Importantly, the Standards Advisory is a continuous process, not one that sets a standard in the concrete of regulation/legislation that is hard to change.  The advisory process is agile and likely to be more transparent than the regulation making done behind closed doors.   The list of best available standards can include some standards that are not yet ready for production since the document is just a roadmap to what is available at a given time, not a regulation.  

In the past, many HIT Standards Committee experts have advised ONC not to include standards like HPD (a provider directory standard) because it is not suitable for purpose in an internet connected, cloud-based, mobile friendly EHR world.   Standards Committee members prefer the FHIR-based directory services that are being piloted in the Argonaut project (    With the Standards Advisory, the debate of HPD over FHIR becomes moot since both can be listed as available standards along with descriptions of their functionality, maturity and adoption.   The industry can then decide which is more fit for purpose.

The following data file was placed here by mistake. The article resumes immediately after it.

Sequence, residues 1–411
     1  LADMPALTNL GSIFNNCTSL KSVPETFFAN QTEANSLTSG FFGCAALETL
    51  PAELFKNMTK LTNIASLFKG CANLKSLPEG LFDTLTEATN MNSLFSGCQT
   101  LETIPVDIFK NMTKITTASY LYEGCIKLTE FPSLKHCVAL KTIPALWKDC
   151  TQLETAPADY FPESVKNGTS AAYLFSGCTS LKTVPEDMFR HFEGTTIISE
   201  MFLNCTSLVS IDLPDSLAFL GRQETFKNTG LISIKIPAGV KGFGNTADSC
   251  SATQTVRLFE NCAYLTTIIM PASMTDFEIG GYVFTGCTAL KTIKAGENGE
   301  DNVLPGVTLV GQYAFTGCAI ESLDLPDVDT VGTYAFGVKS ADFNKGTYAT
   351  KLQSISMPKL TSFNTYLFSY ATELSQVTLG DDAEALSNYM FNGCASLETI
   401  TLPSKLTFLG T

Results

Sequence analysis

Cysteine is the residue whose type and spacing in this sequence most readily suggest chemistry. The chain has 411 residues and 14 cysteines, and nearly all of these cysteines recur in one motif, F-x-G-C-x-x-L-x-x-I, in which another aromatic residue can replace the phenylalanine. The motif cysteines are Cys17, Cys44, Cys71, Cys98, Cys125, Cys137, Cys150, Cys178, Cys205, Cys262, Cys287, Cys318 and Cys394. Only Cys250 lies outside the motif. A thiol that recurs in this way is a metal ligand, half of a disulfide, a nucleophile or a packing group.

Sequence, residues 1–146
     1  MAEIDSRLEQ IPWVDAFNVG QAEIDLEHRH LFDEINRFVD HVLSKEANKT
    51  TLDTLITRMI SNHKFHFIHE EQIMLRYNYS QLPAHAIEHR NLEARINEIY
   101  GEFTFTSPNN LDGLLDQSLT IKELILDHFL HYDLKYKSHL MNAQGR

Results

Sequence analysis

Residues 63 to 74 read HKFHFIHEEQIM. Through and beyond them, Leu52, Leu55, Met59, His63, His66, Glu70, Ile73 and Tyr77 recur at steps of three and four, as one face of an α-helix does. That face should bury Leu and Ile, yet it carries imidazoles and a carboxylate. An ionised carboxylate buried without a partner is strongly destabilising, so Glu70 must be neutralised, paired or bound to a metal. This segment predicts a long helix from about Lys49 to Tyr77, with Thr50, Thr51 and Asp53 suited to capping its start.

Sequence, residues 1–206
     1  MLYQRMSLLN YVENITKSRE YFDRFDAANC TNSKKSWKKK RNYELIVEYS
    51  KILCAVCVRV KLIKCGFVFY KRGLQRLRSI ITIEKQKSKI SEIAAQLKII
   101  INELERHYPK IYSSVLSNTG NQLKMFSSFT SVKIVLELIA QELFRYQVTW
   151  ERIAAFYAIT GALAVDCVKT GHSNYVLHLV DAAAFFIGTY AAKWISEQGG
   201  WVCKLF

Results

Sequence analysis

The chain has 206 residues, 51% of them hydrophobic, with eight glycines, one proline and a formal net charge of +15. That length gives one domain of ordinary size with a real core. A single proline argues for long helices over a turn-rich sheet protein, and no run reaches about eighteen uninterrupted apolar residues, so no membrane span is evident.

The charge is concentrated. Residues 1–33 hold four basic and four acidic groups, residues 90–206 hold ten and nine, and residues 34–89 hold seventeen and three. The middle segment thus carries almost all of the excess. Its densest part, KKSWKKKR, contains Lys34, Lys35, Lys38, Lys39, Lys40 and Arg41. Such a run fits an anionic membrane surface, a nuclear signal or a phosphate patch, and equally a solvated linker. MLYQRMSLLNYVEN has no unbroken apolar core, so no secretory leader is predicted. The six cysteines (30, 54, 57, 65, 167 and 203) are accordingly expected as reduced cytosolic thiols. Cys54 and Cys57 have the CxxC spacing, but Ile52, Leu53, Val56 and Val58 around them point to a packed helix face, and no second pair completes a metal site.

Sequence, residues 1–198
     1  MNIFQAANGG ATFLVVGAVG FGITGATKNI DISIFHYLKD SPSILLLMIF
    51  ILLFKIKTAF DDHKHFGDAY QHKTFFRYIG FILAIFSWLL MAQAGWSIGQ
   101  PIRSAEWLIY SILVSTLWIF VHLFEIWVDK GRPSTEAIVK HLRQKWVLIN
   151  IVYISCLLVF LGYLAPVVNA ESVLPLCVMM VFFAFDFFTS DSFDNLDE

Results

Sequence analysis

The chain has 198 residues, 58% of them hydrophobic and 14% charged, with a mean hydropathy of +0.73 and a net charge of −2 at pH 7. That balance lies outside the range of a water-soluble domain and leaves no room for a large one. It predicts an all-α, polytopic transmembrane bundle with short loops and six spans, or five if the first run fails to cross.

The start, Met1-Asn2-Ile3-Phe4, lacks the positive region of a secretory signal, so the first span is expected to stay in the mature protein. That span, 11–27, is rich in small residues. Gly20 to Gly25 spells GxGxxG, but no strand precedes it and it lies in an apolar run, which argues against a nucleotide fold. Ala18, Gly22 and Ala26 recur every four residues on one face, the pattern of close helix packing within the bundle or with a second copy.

As I’ve written about previously, it is my hope that CMS eliminates the Meaningful Use Stage 3 penalty, uses pay for performance incentives based on outcomes as part of MACRA to replace Meaningful Use goals, and that certification for stage 3 will rarely be done because it is a purely voluntary program.   Redirecting our focus to customer requirements rather than regulatory compliance will accelerate innovation.     The combination of outcomes-based performance incentives and the yearly publication of a standards advisory is a great path for the future.